Just over half of incarcerated people are vaccinated, despite being locked in COVID-19 epicenters

Most states did not prioritize incarcerated people in their vaccination plans. As a result, seven months since the first vaccines were distributed, just 55% of people in prison have been vaccinated, leaving them vulnerable to infection.

by Tiana Herring and Emily Widra, May 18, 2021

Throughout the pandemic, prisons have been a hotspot for COVID-19, with case rates in prisons between four to five times higher than in the general population. Despite being disproportionately impacted by the pandemic, however, most states did not prioritize incarcerated people in their vaccination plans. As a result, seven months since the first vaccines were distributed, just 55% of people in prison have been vaccinated,1 leaving them vulnerable to infection.

Using data from the UCLA Law COVID-19 Behind Bars Data Project, The Marshall Project/AP, and other state-specific sources,2 we calculated the current rate of vaccinations among incarcerated people in 48 state prison systems and the federal Bureau of Prisons.3 For our measure of vaccination, we counted anyone who had received at least one dose of a vaccine as of May 14, 2021.4 Our findings are disheartening:

  • In 17 state prison systems and the Bureau of Prisons, less than half of incarcerated people have received a vaccine.
  • Vaccination rates are the worst in Utah, South Carolina, and Alabama where 20% or less of the prison population has received the first dose of a vaccine.
  • And two states – Florida and Wyoming – have not released any vaccination information at all. Their lack of transparency makes it impossible to hold these Departments of Corrections accountable and ensure they are doing all they can to limit the spread of the virus.

As we recently reported, many states prioritized correctional staff for early vaccine access, under the misguided assumption that a fully-vaccinated staff would act as a preventative “barrier” between incarcerated people and the communities surrounding prisons. With many correctional staff refusing to be vaccinated, the median staff vaccination rate across the country was still just 48% at last count. To meaningfully protect people in prison, incarcerated people need to be vaccinated at much higher rates than we’re seeing thus far.

A map showing about half of people in state and federal prisons are vaccinated.
Figure 1. Data compiled from the UCLA Law COVID-19 Behind Bars Data Project, The Marshall Project, and several state-specific data sources (see footnote 1). See the appendix to this article for a table with details about all 48 prison systems for which we gathered data.

Only ten states have vaccinated more than 70% of people incarcerated in their prison systems. Some of these states – Massachusetts, Oregon, and California – included incarcerated people in the early phases of their vaccination schedules. Had more states prioritized vaccinating people in prisons, vaccination rates would be higher across the board.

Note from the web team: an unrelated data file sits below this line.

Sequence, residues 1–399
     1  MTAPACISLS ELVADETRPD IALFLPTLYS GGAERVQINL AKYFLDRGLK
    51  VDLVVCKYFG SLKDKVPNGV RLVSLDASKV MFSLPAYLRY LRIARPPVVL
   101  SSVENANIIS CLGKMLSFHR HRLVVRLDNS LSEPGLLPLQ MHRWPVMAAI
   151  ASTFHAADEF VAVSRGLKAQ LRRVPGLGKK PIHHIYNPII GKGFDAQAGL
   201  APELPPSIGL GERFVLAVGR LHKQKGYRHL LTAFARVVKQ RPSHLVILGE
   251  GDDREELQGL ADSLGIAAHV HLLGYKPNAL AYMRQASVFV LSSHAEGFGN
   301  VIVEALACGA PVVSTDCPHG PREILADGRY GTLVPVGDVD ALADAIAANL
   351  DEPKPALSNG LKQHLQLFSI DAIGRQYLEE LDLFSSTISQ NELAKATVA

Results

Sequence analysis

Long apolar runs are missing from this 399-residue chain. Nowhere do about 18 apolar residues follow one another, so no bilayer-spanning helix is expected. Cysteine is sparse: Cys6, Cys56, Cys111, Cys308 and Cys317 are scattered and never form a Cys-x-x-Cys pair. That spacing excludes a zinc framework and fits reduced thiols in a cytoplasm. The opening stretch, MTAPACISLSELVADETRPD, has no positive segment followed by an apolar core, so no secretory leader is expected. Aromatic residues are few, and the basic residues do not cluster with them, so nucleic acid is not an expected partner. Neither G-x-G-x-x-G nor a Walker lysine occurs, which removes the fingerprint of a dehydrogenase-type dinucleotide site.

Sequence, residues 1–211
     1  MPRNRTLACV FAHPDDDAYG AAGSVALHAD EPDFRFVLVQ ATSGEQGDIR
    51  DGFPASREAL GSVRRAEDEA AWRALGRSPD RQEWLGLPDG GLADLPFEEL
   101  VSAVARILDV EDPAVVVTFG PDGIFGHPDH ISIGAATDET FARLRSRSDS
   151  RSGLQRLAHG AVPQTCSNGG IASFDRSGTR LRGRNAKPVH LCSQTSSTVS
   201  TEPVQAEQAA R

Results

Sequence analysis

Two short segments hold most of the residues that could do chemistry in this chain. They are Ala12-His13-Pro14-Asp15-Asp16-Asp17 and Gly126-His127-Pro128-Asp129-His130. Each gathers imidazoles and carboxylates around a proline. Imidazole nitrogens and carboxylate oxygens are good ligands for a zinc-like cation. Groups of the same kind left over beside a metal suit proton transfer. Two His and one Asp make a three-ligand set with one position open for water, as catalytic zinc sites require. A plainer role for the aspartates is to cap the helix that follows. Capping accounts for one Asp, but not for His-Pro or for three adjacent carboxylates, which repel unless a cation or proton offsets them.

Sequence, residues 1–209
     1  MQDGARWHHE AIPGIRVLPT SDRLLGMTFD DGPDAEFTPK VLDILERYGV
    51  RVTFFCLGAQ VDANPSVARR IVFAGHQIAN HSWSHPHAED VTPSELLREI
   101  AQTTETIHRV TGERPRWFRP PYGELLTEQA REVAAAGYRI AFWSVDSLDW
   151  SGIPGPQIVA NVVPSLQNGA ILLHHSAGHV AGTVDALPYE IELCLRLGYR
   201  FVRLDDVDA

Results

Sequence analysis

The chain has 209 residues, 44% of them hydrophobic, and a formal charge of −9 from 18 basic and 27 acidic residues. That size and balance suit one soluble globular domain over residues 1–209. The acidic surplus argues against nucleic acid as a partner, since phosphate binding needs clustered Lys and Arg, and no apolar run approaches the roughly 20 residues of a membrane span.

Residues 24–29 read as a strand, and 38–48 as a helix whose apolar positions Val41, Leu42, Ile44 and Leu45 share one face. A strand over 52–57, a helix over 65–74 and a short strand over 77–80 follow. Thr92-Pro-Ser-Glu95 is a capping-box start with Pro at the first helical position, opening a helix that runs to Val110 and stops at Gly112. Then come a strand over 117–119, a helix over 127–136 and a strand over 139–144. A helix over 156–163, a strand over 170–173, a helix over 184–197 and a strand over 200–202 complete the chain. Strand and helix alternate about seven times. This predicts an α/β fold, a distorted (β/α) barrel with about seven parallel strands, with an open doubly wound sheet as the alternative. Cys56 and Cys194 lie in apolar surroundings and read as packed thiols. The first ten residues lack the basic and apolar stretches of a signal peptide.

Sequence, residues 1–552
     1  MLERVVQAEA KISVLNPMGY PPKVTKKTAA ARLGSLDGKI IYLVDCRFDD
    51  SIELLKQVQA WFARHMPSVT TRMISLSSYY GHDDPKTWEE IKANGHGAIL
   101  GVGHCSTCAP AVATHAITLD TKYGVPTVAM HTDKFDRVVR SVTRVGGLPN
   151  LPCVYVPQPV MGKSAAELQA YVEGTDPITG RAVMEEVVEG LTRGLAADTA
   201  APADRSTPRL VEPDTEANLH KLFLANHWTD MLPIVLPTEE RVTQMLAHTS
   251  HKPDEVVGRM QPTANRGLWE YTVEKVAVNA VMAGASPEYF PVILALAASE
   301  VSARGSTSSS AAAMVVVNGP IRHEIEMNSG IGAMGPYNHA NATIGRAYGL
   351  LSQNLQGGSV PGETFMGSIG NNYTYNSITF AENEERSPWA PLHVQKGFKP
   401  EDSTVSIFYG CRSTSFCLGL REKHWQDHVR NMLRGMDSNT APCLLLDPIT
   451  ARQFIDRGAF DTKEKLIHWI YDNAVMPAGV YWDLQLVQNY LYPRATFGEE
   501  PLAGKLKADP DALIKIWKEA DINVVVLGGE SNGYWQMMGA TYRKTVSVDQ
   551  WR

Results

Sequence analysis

Vaccinating incarcerated people may be one of the only fast and effective mitigation strategies available to prevent the spread of the virus and save lives: The inability to socially distance in prisons combined with the higher rates of chronic health issues among incarcerated people has led to prison mortality rates two to three times higher than that of the general population.

Since vaccinations started in the U.S., there have been too many avoidable deaths. In Nevada, for example, one-third of COVID deaths in prisons occurred this year (after vaccines became available). Similarly, New Hampshire’s first COVID prison death didn’t occur until December 30, 2020, and there have since been two more deaths in 2021. In Oklahoma, incarcerated people became eligible to receive the vaccine late last year, but vaccinations did not start until March; and since January, at least 11 people may have died from COVID-19. Although the number of new cases each day has gone down in the United States since January, incarcerated people are still unprotected and dying, even when we have effective vaccines available.

The dark history of the prison medical system could be a huge barrier to vaccine uptake in prisons. Many incarcerated people are wary of the prison medical system, and for good reason: prison medical systems have long been notorious for unethical experimentation and inadequate medical care. According to the results of a survey published by The Marshall Project in February, more than half of incarcerated respondents did not believe the prison was acting in their best interest by making the vaccine available, and very few respondents believed medical staff would provide accurate information about the vaccine.

To address these concerns, public health experts have been clear: education is crucial to vaccine acceptance behind bars. There are educational resources designed specifically for COVID-19 vaccine education for people in prisons that can be used to address common questions and concerns. The reality is that vaccine education needs to be more than just handing out flyers and hanging up posters: to combat distrust in the prison system, prisons should bring in outside experts and trusted community members to discuss the vaccines with incarcerated people. Correctional staff – who have shown widespread reluctance to take the vaccine themselves – should not be relied up on to deliver accurate information about vaccines.

Nearly 397,000 people in prisons have tested positive for COVID-19 since March 2020, and the virus will only continue to spread without widespread vaccinations behind bars. For more than a year, incarcerated people have dealt with devastating consequences of the virus, ranging from the inability to see their loved ones, to the unnecessary use of solitary confinement, to death. Lack of visitation and the use of solitary confinement, as well as discontinued programming and limited access to health care are all incredibly dangerous, in addition to the dangers of COVID-19. States need to start investing in and accelerating vaccine education and administration for people in prisons.

 
 

Appendix

Prison System Number of incarcerated people who have received at least one dose Total prison population Percentage of incarcerated people who have received at least one dose Source for vaccination counts in prisons Source for total prison population Notes/Clarifications
Alabama 3,508 17,454 20% UCLA Law Covid-19 Behind Bars Data Project The Marshall Project/AP
Alaska 3,137 4,523 69% UCLA Law Covid-19 Behind Bars Data Project The Marshall Project/AP
Arizona 27,654 37,396 74% COVID Prison Project The Marshall Project/AP
Arkansas 7,438 47% The Associated Press n/a We’ve opted to use the vaccination numbers reported by the Associated Press on 5/9/21 because the Arkansas Department of Corrections hasn’t provided The Marshall Project with updated data since 4/20/21. The article provides the number of doses and the percentage of people who have recieved the vaccine, but not the total population.
California 68,445 91,341 75% UCLA Law Covid-19 Behind Bars Data Project The Marshall Project/AP
Colorado 9,877 13,558 73% UCLA Law Covid-19 Behind Bars Data Project The Marshall Project/AP
Connecticut 4,600 9,053 51% UCLA Law Covid-19 Behind Bars Data Project The Marshall Project/AP